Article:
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Does it follow that if I make the statement "X must be consistent with Y" that "Y must be consistent with X"?

I'm hoping to hear this answered from a linguistics perspective, specifically related to information packaging and the use of the modal. I fear that this community may say "this isn't a good English question" just as much as the mathematics community might say "this isn't a good math question."

I've omitted the context here intentionally because the context itself is a bigger can of worms. What we can know from the structure itself: are these equivalent forms, or is this a false equality?

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    It depends totally on what you mean by the predicate (be) consistent. This is not a well-defined term. If what you mean is always a reciprocal relation, the answer is yes. If not, no. This is a logic question, and first you have to define your terms. Carefully. As for the modal, it seems a standard usage; but only with a defined predicate and a defined obligation. – John Lawler Jan 21 '14 at 16:32
  • It's actually a philosophy question. philosophy.stackexchange.com – Chris Sunami Jan 21 '14 at 17:51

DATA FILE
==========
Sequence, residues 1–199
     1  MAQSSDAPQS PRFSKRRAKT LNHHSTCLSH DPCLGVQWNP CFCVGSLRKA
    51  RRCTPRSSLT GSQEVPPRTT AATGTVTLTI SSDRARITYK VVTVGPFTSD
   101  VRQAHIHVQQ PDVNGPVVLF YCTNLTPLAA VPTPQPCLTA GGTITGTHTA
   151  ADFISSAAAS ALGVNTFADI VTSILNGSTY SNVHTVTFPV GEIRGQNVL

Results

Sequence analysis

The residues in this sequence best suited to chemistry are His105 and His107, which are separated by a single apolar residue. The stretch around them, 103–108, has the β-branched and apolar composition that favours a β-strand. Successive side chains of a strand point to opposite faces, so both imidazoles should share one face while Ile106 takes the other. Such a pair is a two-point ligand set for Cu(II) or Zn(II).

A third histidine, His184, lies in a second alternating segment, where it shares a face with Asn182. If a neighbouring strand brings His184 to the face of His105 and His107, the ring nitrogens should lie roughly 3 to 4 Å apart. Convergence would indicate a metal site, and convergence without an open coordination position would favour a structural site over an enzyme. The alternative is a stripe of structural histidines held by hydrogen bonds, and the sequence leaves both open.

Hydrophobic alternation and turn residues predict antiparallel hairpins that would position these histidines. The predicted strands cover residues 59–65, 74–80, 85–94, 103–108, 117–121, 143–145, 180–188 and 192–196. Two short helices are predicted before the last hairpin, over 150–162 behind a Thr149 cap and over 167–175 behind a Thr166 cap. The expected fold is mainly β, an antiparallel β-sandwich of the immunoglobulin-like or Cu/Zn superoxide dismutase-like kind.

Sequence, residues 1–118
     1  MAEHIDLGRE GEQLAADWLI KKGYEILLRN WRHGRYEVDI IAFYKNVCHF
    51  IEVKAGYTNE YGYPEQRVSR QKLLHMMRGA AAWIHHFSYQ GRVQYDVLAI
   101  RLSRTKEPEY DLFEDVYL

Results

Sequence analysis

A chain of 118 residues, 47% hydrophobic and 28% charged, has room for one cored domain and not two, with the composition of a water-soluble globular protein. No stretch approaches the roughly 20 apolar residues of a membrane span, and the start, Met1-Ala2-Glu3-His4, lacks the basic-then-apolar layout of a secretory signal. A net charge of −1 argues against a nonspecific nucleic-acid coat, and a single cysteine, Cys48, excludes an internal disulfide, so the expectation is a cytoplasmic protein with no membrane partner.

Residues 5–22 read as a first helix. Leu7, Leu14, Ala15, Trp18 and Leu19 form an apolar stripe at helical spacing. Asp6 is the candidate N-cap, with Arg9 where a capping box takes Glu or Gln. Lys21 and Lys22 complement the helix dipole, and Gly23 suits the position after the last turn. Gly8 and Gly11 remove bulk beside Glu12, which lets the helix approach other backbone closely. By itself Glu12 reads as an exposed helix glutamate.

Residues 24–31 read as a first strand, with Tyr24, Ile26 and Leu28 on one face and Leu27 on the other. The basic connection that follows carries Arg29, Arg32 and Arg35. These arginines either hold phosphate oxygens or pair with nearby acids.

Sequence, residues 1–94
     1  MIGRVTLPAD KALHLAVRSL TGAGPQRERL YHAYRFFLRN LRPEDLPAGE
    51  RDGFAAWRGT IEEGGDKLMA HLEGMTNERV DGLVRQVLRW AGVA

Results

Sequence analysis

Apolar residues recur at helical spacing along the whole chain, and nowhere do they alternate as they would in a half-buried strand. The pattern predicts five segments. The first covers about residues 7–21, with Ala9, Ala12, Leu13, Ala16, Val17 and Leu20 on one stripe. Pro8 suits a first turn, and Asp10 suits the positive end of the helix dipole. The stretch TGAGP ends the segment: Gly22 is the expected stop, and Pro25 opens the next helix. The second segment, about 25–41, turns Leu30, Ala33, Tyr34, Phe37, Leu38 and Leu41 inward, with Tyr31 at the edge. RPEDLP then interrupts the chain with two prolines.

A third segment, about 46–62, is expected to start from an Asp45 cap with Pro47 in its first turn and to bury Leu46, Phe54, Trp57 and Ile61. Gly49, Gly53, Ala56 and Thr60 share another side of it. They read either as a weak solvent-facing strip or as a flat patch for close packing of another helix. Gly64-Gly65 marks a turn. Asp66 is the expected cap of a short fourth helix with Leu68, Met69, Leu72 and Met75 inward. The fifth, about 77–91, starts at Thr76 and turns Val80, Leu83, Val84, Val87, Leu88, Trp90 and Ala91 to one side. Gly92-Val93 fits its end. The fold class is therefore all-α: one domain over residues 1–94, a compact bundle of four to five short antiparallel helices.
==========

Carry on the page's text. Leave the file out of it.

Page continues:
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No, it does not follow. The relationship "must be consistent with" can impose an obligation and it can be such that only one half of the relationship is capable of having obligations imposed on it.

For example, "your writing must be consistent with the rules", can mean that you have an obligation to comply with the rules. While "the rules must be consistent with your writing" can mean that the rules have an obligation to conform to your writing, which they don't.

It is also possible that "your writing must be consistent with the rules" can mean that you have an obligation to ensure that your writing and the rules agree, possibly by changing your writing, possibly by changing the rules, but it need not be this way.

It comes down to precisely what "must be consistent with" means in the specific use case we're talking about. They could denote a logically symmetric relationship, but they could also denote an asymmetric relationship.

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